Data Privacy & Security

German Court: Facebook’s Use of Non-Facebook Data, Even if a Privacy Violation, is Not Anti-Competitive

National Security vs. Investment: Are we striking the right balance?

While Facebook is under assault from multiple agencies and branches of government in the U.S. and Europe, it received a little good news from Germany, at least for now. The Higher Regional Court in Düsseldorf on Aug. 26 suspended a German cartel office ruling that barred the company from using data it scrapes from the web and, unless users consent, data from its Instagram and WhatsApp platforms.

The Federal Cartel Office (FCO) – or the Bundeskartellamt in German – had said Facebook uses its restrictive user agreement to dominate the German market, but the company argued that competition in the country is fierce.

Questioning the underpinnings of the FCO’s decision, the Higher Regional Court held that “even if the contested data breached data-protection rules, that would not be an infringement of competition law at the same time.”

The FCO said Facebook’s practice was anticompetitive. “The combination of data sources substantially contributed to the fact that Facebook was able to build a unique database for each individual user and thus to gain market power,” FCO President Andreas Mundt said.

As of December 2018 Facebook had 1.52 billion daily active users in Germany and 2.32 billion monthly active users. That translates to 95% of the daily active user market and 80% of the monthly active user market.

The FCO said Facebook’s terms of service and how it collects and uses data violate European data protection rules. The FCO noted the demise of Facebook competitor Google+ to underscore Facebook’s dominance in the German market, making it subject to “special obligations” under competition law. The FCO did not count platforms such as LinkedIn, YouTube, Snapchat, Twitter and others, saying they served specialized purposes.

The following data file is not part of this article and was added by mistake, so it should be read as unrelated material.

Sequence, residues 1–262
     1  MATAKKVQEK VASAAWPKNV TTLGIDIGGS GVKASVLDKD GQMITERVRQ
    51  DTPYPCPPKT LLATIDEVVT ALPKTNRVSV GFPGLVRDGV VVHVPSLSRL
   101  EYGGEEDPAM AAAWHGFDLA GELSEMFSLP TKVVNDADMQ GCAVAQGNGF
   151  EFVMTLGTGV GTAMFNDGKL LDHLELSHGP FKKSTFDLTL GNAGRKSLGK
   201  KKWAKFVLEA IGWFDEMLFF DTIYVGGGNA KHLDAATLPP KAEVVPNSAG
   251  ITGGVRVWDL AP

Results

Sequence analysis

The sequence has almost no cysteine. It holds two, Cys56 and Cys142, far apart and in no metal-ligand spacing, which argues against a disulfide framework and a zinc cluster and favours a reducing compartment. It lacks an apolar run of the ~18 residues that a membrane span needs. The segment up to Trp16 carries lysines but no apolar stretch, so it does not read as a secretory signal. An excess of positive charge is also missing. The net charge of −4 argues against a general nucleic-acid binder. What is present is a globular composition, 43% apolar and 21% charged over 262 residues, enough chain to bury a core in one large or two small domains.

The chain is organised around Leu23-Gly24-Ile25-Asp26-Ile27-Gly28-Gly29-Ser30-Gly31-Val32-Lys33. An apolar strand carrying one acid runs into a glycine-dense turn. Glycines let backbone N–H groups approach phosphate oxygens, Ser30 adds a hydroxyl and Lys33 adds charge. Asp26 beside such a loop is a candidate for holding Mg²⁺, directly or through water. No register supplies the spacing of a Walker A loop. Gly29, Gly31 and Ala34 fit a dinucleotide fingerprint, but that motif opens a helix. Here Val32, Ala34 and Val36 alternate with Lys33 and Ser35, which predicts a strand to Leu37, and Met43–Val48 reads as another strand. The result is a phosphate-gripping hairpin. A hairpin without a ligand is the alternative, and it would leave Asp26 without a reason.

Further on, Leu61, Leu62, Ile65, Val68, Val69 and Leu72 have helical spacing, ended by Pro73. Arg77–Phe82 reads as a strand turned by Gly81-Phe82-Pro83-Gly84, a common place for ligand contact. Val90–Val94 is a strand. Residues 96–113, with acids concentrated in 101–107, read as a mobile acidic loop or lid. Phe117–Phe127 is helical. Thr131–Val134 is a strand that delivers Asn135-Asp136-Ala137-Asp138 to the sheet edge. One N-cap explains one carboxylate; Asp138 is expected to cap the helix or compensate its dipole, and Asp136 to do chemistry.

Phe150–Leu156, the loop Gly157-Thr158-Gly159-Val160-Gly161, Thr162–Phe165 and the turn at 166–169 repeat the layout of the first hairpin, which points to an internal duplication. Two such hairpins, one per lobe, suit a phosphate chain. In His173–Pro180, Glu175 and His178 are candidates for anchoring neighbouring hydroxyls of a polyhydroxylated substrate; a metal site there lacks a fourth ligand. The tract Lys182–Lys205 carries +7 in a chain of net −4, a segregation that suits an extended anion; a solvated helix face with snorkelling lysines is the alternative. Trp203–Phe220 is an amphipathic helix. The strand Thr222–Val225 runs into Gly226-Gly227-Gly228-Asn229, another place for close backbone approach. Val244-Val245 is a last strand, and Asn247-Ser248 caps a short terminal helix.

“In the operation of its business model the company must take into account that Facebook users practically cannot switch to other social networks,” Mundt said. “In view of Facebook’s superior market power, an obligatory tick on the box to agree to the company’s terms of use is not an adequate basis for such intensive data processing.”

“Dominant companies may not use exploitative practices to the detriment of the opposite side of the market, i.e. in this case the consumers who use Facebook,” the FCO’s Mundt said.

Facebook countered that the FCO did not know what the company is up against and how seriously it takes data privacy. It said the FCO underestimated “the fierce competition” it faces in Germany and “misinterprets our compliance” with GDPR.

The company argued that “popularity is not dominance,” adding that even the FCO itself found that 40% of all social media users in Germany don’t use Facebook, and criticized the government for finding YouTube, Snapchat, Twitter and other platforms irrelevant to analyzing market dominance.The company also argued sharing data across platforms promotes safety because it enables the company to identify abusive behavior and shut down users engaged in terrorism, child exploitation and election interference across platforms.

The FCO is appealing the case to Germany’s Federal Court of Justice.

Edited by Tom Hagy for MoginRubin LLP.

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